Guest blog by Ann-Marie Adiku, Occupational Health Nurse
My journey to occupational health (OH) began in 2021. My skin condition had flared up to the point where it became difficult to work safely and effectively as a nurse in a clinical setting with patients. I became a patient, under the care of Dr Shriti Pattani (SOM Immediate Past President) and an amazing team of nurses. It was a period where, although I felt discouraged about my nursing journey, I witnessed how OH advocated for me and supported me through a challenging time. Amid the pandemic I felt seen and heard. After several appointments and meetings, I was redeployed from the ward setting to clinical duties supporting the COVID help desk in OH. My redeployment exposed me to how OH contributed and supporting to the health and wellbeing of NHS employees in the workplace and how this improves their quality of working life and patient care, showing that it is an area essential for everyone.
With time and with reduced exposure to recurrent handwashing, my skin condition began to improve and respond to treatment which meant I could consider adjusting back to clinical duties. However, after witnessing and experiencing the care of OH, I began to wonder about a career in OH which I had never considered previously. Fortunately, a job opportunity presented itself which I decided to go for and was successful at interview.
Being part of the team, I can see things in the workplace from a different perspective, a preventative aspect. Occupational health (OH) is a fulfilling place to work, encouraging health promotion and advocating for healthcare professionals. As my experience in OH is developing I have realised the progress and success I can enjoy at the frontiers of Public Health.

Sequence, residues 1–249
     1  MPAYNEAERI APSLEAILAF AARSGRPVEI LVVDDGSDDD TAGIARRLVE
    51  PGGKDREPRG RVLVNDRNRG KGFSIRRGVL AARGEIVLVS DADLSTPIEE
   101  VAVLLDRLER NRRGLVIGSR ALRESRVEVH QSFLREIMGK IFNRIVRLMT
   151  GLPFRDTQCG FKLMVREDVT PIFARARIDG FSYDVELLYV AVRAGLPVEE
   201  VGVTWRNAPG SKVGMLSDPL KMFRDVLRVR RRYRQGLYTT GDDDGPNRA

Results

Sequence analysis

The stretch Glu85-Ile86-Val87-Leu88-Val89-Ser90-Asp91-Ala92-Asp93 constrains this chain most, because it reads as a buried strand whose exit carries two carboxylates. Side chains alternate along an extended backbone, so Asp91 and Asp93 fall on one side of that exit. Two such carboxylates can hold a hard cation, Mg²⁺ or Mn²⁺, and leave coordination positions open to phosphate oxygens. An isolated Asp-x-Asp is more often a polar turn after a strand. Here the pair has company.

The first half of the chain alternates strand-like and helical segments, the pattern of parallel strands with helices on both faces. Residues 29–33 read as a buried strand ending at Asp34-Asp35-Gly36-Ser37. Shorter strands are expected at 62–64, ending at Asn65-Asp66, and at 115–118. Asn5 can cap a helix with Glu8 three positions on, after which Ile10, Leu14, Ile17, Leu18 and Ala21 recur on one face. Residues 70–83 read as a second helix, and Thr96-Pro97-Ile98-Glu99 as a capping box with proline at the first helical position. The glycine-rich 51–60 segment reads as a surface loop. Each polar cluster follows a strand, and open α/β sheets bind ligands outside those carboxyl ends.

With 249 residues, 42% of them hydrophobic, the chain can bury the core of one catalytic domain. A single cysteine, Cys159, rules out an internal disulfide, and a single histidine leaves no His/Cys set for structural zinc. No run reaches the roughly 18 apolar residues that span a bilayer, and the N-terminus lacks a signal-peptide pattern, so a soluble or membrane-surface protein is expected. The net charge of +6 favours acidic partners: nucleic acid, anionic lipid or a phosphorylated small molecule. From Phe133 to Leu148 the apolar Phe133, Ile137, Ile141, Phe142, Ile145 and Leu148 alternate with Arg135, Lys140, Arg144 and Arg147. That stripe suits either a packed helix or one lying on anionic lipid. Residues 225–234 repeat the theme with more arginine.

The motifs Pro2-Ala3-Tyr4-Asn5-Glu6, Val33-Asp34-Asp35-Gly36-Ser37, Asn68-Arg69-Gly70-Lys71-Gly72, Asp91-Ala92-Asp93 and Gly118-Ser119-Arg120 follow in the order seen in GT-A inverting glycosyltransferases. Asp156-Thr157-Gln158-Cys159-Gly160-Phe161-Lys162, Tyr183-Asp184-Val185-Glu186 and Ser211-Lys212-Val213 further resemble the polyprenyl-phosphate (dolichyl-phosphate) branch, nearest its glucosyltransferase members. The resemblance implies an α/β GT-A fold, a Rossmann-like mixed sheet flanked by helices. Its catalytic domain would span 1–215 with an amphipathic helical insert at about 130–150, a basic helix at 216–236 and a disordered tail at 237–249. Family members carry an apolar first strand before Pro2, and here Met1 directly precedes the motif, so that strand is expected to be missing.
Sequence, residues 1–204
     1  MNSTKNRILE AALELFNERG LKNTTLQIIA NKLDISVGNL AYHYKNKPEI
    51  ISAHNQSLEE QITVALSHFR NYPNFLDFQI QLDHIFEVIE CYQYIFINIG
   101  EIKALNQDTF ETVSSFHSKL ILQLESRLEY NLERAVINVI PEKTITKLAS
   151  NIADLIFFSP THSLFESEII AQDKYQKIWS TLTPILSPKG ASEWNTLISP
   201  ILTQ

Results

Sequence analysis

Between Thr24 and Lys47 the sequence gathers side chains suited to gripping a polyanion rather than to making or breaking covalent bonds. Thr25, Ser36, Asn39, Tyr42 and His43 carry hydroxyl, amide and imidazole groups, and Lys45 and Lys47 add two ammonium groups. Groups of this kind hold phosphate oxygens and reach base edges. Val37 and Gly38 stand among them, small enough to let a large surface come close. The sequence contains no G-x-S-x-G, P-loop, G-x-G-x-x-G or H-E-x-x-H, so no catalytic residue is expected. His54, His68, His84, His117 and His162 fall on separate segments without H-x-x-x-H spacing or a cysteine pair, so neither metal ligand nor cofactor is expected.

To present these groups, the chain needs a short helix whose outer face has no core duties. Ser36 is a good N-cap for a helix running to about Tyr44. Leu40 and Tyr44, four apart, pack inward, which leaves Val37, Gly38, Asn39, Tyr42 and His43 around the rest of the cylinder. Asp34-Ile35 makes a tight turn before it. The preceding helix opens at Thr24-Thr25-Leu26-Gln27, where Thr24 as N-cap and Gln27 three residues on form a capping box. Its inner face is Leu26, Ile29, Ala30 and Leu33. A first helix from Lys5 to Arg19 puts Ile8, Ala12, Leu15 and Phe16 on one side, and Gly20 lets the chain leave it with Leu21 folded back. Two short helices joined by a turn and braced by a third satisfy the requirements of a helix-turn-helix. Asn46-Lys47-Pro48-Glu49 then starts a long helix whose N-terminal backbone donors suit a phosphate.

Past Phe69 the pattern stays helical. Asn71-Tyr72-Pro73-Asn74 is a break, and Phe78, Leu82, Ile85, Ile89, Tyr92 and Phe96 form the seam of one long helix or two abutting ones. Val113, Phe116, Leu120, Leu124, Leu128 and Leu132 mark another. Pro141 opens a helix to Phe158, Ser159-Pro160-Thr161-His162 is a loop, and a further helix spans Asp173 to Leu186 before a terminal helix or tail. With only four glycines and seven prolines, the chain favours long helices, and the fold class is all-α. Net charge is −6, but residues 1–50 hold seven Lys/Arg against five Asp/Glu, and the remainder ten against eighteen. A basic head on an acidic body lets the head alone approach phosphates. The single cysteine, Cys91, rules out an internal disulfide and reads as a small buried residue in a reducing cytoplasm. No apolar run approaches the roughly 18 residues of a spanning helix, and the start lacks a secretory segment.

Through the NHS Growing Occupational Health & Wellbeing programme, I was given the opportunity to complete a two-week diploma course in OH practice with the Faculty of Occupational Health Medicine (FOM). This deepened my knowledge; it was a privilege to learn from a variety of OH professionals with years of experience and to be taught alongside other aspiring OH nurses of different bandings and skill sets. This reinforced the benefits of pursing an OH career.
Subsequently, I continued to build my career and in September 2023, I enrolled at Brunel University to complete the Specialist Community Public Health Nursing (SCPHN) PgDip. Going back to university has been a positive experience. Although there are challenges that come with working and studying full time, I am fortunate to have the support of my workplace and family which has been a great source of guidance and encouragement. Within the course, I have been privileged to have the opportunity to be taught by internal and external educators, and the knowledge gained has informed my evidence-based practice, thus improving and extending the scope of my professional practice.
I have gained a deep appreciation and understanding of what people in need of such services are experiencing, as well as a respect and admiration for the professionals of OH. Through my ongoing learning from the SCPHN course, I hope to have a positive supportive impact on the lives of those in the workplace as I have experienced through my own experience with OH.
Ann-Marie Adiku is an Occupational Health Nurse at London North West University Healthcare NHS Trust.